I wish to hang a giant, flourishing tree with its roots exposed, under the Eiffel Tower as a sign of the times. The uprooted tree refers to our state of uprootedness and our changed relationship to nature. > more under.
The contrast and relationship between the colossal tower of pure steel and the living tree, invites the viewer to wonder and reflect. The tree is hung in chains under the giant tower, almost surrounded by it. Protected? Captive?
The tree is hanging high above us, creating a sense of awe, as if looking at something sacred. A temple of nature. At the same time it is hanging under something much greater, chained up, alone and isolated from its environment. The tree is kept alive artificially with an irrigation installation.
We see the contrast of two objects, one living and one lifeless. One represents the magic of the natural, the other the magic of technology. One seems vulnerable and impermanent, the other indestructable. Yet the Eiffel tower has only existed for 120 years, and nature will always be there.
The Eiffel tower was built for the 1889 World Exhibition, and can be seen as a symbol for a time when technology replaced magic. With its rough steel design it represents the first era in the age of industrialisation. Industrialisation radically changed our relationship and way of thinking about nature. No longer did we live from one harvest to the next, depending on what nature had in store for us that year. No longer was travelling at sea a life-threatening experience. From vulnerable wooden ships, dependent on wind, we moved to huge steel ships, that could dominate the oceans and take us anywhere in a predictable timespan. With industrialisation, the age of extraction began, both in the sense of material and energy. Instead of depending on what came from above – the sun, the rain, we started focussing on what was under us. Our dependency decreased, our dominance over nature grew ever more. Until we came to the current point where nature is rather seen as a victim, as something vulnerable, a child almost – something that should be taken care of. This we can see in the tree’s vulnerable position: it is depending on our grace to live or die. The work seeks contrast between the time when the trees were sacred – and when we were praying the weather gods for mercy – and modern days, when we have become the Gods, and nature seems at our mercy. Were we small once, fearsome of nature and its gods – look now, look at our buildings, our creations stand tall and high above the natural. From the first glass plateau of the tower we will be able to look down at the tree as gods.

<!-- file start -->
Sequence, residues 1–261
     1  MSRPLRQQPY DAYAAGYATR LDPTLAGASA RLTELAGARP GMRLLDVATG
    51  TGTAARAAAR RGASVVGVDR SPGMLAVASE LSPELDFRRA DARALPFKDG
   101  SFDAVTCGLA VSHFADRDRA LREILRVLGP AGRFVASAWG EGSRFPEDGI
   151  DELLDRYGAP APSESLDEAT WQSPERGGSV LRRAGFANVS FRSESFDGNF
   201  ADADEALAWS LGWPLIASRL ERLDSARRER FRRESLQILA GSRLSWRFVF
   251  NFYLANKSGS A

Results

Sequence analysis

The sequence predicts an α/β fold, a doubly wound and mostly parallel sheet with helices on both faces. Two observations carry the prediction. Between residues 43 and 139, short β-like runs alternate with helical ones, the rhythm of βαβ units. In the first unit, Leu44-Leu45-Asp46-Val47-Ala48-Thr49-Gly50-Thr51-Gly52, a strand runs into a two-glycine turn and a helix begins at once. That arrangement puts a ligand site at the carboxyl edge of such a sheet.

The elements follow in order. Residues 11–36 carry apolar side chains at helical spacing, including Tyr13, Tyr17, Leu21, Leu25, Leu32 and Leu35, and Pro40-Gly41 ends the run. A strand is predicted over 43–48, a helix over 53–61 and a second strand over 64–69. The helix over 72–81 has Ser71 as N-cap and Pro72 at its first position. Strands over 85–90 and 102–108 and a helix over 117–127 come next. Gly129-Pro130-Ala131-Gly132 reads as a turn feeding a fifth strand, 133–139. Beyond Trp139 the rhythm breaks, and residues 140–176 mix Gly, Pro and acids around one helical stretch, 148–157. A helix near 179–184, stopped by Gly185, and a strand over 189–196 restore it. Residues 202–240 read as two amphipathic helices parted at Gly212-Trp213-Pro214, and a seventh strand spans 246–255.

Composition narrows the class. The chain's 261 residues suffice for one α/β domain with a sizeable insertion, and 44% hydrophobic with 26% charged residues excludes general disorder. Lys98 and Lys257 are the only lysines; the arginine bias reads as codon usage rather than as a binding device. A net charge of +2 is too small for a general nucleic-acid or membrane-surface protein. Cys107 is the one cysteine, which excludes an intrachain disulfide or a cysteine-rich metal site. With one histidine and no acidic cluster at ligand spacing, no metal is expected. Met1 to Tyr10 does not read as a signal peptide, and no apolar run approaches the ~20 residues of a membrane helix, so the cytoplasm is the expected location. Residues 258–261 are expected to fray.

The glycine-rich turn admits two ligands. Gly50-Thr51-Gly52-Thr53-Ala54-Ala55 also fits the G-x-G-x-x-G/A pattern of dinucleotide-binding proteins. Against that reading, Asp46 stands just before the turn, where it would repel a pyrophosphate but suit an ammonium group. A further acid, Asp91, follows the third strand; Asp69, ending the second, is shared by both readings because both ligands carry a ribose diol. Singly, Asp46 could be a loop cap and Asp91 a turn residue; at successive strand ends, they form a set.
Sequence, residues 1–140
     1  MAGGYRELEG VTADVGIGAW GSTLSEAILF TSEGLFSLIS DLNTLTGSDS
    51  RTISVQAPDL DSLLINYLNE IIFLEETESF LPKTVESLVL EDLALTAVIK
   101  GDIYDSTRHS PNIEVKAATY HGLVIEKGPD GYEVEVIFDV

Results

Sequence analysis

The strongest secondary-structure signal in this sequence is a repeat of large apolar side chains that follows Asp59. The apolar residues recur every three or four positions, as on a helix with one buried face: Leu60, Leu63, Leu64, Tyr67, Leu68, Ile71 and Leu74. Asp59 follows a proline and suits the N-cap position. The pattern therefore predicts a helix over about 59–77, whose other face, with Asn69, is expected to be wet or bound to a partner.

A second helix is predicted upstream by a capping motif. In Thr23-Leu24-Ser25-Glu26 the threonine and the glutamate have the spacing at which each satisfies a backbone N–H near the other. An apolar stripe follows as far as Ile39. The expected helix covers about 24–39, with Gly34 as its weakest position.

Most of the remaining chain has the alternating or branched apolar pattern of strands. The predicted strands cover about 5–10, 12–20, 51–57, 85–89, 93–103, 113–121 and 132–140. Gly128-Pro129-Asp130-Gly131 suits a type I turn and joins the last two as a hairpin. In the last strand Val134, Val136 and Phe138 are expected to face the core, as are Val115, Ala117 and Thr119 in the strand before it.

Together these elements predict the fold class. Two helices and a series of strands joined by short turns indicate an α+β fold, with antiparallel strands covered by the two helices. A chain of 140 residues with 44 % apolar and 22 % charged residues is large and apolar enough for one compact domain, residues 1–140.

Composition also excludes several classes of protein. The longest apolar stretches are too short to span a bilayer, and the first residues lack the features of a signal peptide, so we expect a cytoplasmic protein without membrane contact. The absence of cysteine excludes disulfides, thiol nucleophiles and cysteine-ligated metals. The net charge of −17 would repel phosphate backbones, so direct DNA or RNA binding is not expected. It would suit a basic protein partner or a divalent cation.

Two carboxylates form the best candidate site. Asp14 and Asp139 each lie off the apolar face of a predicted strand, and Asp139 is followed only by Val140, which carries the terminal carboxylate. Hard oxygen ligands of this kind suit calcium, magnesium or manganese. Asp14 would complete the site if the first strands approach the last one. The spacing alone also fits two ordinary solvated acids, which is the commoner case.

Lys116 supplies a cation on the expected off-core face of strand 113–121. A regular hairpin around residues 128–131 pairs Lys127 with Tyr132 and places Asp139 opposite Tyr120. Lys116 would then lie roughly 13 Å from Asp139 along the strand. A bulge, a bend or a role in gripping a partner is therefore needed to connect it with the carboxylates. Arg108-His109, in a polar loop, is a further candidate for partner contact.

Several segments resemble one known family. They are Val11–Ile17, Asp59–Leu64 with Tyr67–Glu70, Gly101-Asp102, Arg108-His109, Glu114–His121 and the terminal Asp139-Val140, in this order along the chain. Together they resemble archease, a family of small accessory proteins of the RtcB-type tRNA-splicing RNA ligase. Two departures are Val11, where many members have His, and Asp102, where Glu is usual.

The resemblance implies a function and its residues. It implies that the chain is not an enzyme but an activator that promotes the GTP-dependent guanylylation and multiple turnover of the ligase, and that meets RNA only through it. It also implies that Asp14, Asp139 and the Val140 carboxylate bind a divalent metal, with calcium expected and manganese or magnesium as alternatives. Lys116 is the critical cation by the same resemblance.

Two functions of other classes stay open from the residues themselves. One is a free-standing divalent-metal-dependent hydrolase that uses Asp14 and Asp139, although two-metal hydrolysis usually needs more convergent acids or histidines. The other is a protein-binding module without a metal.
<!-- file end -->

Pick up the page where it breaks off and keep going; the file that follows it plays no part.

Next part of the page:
Collective state of uprootedness.
After a busy day at the office, hours behind the screen, interspersed with meetings – long lists of emails awaiting replies, things to do and remember accumulating in your brain, short conversations in-between, and online chats – we often feel as though we were (are) floating. Our heads pressed full of information, our eyes tired of watching the screen, our body stiff, if we still feel it at all. Anxious and tired at the same time.
How different do we feel after a day of hiking, working in the garden or building a house?
Almost everybody in the modern world recognises this contrast and still it receives so little attention. It is so commonplace, that we have lost sight of it. During many of our activities we don’t even experience ‘nature’ in its most basic sense: weight, texture, scent or any kind of bodiliness. We have migrated to a world where all this is absent. A bodiless world, where our minds bounce and wander around and often barely find the way back to our bodies. Our roots have lost touch with the ground – we are floating.
Often our state of mind or how we feel, is seen as a personal – psychological – issue. But are we not inheritors of a collective history? Do we not share common experiences? Is this state of uprootedness not a collective experience? I think so,and therefore it’s something we could collectively express through this Uprooted Tree.